- Science Doesn’t Need Methodological Naturalism
- Why Science Doesn’t Need Methodological Naturalism (2)
- Why Science Doesn’t Need Methodological Naturalism
- Why Scientists Should Reject Methodological Naturalism
- Regularism: A Better Alternative to Methodological Naturalism
- Methodological Naturalism and Regularism: A Postscript
(Update 3/29: Please regard this series as a first draft with important revisions yet to come.)
It’s virtually a given that science cannot operate apart from methodological naturalism. Eugenie Scott of the National Center for Science Education provides a definition for the term as she expresses some of the devotion that is felt for it:
Science neither denies nor opposes the supernatural, but ignores the supernatural for methodological reasons. The history of science has shown that progress comes from logical and empirical study rather than reference to revelation or to inner psychological states. That’s how we play our game; his basketball won’t work on our baseball field. The essence of science is empiricism and control of variables, and if there is an omnipotent God, it certainly can’t be controlled like temperature or humidity. Science has made a little deal with itself: because you can’t put God in a test tube (or keep it out of one), science acts as if the supernatural did not exist. This methodological materialism is the cornerstone of modern science.
(Materialism and naturalism mean essentially the same thing in this context.)
In this blog series I intend to argue that this is wrong; that methodological naturalism (MN) is not essential to modern science. In this first part I will lay out three primary reasons scientists and philosophers invoke for adhering to MN. In the process I am opening up discussion especially for the purpose of hearing whether there are other major justifications for MN that I have missed. (I predict that some readers will want to jump in right now to refute my arguments. I suggest you wait until the next part in the series when I actually begin to make them.)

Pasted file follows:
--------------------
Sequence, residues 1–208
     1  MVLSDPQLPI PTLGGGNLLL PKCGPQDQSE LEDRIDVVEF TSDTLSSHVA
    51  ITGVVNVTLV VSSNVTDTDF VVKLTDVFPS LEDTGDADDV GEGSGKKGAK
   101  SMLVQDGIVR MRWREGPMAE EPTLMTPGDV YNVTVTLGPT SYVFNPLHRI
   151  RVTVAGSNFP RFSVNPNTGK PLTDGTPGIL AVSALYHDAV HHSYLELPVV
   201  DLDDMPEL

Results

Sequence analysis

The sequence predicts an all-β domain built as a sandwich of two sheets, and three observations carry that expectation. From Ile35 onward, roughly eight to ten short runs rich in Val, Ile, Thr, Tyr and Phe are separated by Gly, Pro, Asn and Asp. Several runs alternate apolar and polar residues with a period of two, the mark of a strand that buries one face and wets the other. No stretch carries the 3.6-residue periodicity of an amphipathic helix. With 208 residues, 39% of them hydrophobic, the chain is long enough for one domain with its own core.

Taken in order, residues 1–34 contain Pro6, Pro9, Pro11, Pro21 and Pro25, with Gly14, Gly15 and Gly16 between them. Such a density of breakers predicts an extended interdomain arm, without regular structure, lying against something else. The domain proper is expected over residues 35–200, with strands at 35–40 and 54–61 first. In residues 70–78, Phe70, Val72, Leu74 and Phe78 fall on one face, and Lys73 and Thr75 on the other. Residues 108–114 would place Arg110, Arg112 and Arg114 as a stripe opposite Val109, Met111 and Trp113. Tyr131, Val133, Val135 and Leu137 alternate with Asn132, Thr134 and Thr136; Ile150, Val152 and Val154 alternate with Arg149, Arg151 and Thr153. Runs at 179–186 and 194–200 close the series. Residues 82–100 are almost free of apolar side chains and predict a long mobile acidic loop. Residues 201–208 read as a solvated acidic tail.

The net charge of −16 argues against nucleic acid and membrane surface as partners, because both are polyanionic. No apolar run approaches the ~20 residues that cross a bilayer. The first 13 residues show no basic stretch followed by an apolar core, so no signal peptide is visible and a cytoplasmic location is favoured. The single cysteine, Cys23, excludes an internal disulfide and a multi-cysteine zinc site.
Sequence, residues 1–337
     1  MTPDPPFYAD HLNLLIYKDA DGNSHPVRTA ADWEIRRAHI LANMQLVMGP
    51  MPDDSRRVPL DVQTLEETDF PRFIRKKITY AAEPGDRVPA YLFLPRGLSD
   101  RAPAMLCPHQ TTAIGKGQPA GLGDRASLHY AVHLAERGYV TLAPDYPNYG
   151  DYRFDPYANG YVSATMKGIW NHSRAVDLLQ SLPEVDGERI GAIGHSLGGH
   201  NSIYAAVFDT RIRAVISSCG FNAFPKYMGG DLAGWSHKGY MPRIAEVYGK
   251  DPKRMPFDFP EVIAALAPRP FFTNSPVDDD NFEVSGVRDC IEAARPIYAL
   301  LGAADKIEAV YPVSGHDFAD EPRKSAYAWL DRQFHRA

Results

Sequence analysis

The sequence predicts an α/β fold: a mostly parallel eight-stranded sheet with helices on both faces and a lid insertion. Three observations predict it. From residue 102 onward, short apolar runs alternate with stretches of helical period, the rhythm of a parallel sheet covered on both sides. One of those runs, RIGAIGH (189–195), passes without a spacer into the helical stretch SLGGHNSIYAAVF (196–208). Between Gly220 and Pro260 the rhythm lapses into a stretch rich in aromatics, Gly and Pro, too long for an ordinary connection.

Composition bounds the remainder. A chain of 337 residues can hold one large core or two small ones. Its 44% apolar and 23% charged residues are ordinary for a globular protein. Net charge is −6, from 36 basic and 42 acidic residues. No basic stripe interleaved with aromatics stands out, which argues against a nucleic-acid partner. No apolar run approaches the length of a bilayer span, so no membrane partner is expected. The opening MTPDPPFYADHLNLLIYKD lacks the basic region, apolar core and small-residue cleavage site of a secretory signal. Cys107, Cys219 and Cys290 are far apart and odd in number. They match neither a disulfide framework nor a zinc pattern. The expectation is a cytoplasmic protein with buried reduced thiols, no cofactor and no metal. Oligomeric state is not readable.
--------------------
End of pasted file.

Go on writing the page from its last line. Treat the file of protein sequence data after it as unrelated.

The first common justification for MN is testability: if God is involved in some natural phenomenon, we could never know it scientifically, for there is no scientific test that could detect his actions. We’ve already seen Eugenie Scott’s views on that. She is hardly the only one. Speaking as witness at the Dover Intelligent Design (ID) trial, Robert Pennock (philosopher of science at Michigan State University) said,
Someone who says well, we have to consider the possibility of supernatural interventions might say well, you know, God was in there or some supernatural designer was in there changing the bits inside the computer.
Well, you know, we don’t know if that’s true, and no scientist can ever know if that’s true. That’s not a testable proposition. So in that sense we can never rule that out. That’s part of what it means to be a methodological naturalist.
Elsewhere he has also said,
For a hypothesis to be scientific it must be inter-subjectively testable, and fit within the framework of law-governed cause-effect relations. This is the core of what it means to be a natural object and to be amenable to scientific investigation. Agreeing to be constrained by this sort of epistemological approach as the means of gathering public knowledge about the empirical world is just what it is to be a methodological naturalist…. In proposing a theistic science Johnson claims to be expanding science to supernatural possibilities undreamed of in this philosophy, but what he and other so-called Creation scientists are really doing is reducing God to a scientific object, placing God in the scientific box.